Retail Was Remarkably Resilient In 2020, But Has Been Changed Forever
Sixty-six million years ago, a massive asteroid or comet, dubbed the Chicxulub impactor, struck the earth, causing world-wide climate disruption that resulted in the mass extinction of the majority of plant and animal species on Earth. Covid-19 had a similar impact on retail in 2020. Just as the Chicxulub impactor created an opportunity for new life, including humans, to emerge and thrive on Earth, Covid-19 has created opportunities for new shopping behaviors to emerge and become dominant—most notably digital commerce.
Retail saw its largest decline and fastest recovery in 2020. Yet the shape of the retail industry has fundamentally changed, with a huge shift to digital spending and dramatically less spending on apparel.
The Retail Indicators Branch of the U.S. Census Bureau reports that April 2020 saw the sharpest one-month drop in retail sales on record. A month later, retail sales had almost fully recovered due to the fastest gain in history, a remarkable V-Shaped recovery. In total, 2020 saw $5.6T in retail sales, an increase of 3.2% over 2019.
Hidden in the top-line averages was how different retail sales looked after April. As consumers spent less on services such as travel and restaurants, spending shifted to retail categories such as DIY building materials and grocery, which were up more than 10% from the previous year While negatively-impacted categories like gas stations and restaurants were down more than 15%. The two categories most hurt by Covid-19 were already struggling coming into 2020. Department store sales finished in 2020 down 17% from 2019, and the apparel category was down a whopping 26% for the year.
Apparel sales have been in a slow decline for the past 30 years as consumers have spent less on their closets. In 1992, clothing represented 6.2% of consumer spending, but by 2020, that number was nearly cut in half to just 3.4%. Even before Covid-19, the globalization of supply chain had dramatically lowered the cost of durable, fashionable apparel, and the erosion of formal business attire had reduced the number of garments many Americans needed to own. Department stores, which are predominantly dependent on apparel sales, lost their assortment advantage as clothing brands shifted their focus to direct-to-consumer sales, and e-commerce sites emerged with limitless assortment, instead.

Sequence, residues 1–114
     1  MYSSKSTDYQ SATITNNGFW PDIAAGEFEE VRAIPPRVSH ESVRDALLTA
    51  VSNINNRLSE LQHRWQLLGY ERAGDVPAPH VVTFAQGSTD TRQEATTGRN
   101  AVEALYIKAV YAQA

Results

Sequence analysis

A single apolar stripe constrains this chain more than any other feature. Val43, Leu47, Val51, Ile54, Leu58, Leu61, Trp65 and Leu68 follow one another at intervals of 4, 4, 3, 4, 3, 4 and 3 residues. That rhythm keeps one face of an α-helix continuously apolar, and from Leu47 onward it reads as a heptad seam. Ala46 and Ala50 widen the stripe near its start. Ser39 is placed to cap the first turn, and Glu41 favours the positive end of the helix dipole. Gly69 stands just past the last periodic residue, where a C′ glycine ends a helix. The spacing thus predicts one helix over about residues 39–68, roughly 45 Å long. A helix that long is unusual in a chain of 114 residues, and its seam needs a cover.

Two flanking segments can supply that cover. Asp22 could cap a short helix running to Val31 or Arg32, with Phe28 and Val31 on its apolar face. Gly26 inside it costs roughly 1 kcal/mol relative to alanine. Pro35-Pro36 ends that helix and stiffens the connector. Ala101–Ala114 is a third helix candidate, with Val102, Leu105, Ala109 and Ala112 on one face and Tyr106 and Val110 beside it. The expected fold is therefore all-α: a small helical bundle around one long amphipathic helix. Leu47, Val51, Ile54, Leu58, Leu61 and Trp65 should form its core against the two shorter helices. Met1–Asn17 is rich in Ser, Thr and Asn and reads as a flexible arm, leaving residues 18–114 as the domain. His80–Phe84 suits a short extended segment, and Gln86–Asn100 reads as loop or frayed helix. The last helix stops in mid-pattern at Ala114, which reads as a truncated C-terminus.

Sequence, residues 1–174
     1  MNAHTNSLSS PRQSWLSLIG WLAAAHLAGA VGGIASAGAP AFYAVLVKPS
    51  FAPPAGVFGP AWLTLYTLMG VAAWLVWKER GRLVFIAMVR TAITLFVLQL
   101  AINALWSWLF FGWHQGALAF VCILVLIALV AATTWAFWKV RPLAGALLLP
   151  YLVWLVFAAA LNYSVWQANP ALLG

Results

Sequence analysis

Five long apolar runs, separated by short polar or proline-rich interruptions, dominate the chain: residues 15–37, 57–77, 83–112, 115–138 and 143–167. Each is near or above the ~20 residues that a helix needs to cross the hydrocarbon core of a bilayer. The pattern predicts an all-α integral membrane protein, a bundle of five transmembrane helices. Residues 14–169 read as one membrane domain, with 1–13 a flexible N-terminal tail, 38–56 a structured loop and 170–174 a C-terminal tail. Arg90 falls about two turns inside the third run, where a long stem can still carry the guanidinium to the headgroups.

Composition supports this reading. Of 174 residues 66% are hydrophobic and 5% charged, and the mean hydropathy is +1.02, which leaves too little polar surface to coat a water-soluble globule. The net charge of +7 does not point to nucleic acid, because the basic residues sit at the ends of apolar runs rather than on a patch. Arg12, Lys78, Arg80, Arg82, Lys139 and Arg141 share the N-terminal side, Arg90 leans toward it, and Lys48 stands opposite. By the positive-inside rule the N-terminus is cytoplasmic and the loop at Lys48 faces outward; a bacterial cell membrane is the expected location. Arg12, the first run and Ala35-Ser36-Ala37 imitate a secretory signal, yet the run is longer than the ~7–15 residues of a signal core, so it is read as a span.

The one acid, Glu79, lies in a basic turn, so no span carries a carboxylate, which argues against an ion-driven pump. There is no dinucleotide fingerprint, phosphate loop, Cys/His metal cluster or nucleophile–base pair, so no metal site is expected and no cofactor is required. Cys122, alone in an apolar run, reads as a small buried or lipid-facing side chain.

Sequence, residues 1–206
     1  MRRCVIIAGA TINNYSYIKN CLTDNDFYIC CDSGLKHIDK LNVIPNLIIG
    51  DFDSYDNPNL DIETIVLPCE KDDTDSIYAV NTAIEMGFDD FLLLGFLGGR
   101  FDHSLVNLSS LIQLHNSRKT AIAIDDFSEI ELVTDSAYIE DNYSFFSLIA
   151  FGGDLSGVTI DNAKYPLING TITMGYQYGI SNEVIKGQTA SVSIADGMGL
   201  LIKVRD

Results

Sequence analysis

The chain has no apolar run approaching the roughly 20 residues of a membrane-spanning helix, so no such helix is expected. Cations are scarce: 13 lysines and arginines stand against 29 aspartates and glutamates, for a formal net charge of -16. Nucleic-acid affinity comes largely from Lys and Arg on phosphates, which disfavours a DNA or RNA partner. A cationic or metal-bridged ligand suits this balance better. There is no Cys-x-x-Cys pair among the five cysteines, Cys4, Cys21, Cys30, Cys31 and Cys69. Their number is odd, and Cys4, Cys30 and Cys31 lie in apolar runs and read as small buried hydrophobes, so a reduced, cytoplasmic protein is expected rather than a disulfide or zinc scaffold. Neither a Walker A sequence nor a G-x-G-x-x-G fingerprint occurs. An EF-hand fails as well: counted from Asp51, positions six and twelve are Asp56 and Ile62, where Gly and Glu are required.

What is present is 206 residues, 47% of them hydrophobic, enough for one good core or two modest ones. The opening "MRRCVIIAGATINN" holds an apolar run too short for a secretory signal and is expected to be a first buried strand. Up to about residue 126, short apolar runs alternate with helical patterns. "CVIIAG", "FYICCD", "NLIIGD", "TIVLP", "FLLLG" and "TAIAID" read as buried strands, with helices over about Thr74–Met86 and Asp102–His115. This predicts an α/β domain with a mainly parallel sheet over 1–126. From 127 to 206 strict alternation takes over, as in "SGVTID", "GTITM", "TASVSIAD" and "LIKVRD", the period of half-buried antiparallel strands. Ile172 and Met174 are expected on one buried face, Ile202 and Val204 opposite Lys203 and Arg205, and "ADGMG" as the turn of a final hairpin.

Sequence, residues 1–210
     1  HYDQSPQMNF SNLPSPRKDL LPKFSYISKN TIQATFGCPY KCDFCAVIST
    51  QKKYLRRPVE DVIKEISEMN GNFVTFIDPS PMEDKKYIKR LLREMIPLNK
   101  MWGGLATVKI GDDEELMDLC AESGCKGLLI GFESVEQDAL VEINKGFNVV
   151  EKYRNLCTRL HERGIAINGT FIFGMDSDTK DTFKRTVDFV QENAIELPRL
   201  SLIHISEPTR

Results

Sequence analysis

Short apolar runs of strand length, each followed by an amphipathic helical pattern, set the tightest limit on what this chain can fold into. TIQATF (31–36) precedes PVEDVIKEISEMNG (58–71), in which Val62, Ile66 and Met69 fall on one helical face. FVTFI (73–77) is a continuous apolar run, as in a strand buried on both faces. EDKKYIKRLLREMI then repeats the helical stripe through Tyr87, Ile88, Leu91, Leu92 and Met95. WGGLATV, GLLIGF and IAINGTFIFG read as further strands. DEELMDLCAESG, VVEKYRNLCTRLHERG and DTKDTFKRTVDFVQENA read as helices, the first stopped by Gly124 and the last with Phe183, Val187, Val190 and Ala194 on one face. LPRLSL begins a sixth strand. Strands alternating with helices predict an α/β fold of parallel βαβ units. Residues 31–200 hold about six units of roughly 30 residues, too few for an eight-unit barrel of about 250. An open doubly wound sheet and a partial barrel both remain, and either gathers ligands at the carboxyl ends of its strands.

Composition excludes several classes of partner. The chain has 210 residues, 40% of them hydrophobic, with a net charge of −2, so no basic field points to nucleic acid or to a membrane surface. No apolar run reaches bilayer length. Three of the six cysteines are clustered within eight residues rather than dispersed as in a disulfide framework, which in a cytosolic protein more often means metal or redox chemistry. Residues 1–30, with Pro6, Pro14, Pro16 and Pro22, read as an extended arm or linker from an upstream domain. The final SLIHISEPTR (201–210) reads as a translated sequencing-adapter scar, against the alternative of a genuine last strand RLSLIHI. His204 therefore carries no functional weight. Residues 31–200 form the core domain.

Perhaps most challenging of all, the apparel industry lost its ability to create trends and drive demand for new products. Gone are the days when consumers choose their styles from glossy magazines reporting on the latest trends from the Paris fashion shows, and when merchant princes could win fame and fortune through their unique edits of merchandise assortments. Today’s consumers are far more likely to be informed by their favorite micro-influencer on YouTube, Instagram, or TikTok. And then Covid-19 struck, throwing consumers into economic uncertainty and giving them even fewer occasions to dress up.
More than three dozen apparel retailers, including Neiman Marcus, J.C. Penney, Ascena Retail Group, Tailored Brands, J. Crew and Brooks Brothers, filed for bankruptcy this past year, and we’re likely to see more in 2021. Like a row of dominos, the decline in spending on apparel impacted department stores, which then impacted the malls and shopping districts that are dependent on those anchor brands.
When the influence of Covid-19 abates, restaurant sales will bounce back, but like the dinosaurs of the Cretaceous period, department stores and apparel sales are not likely to ever return to pre-pandemic levels.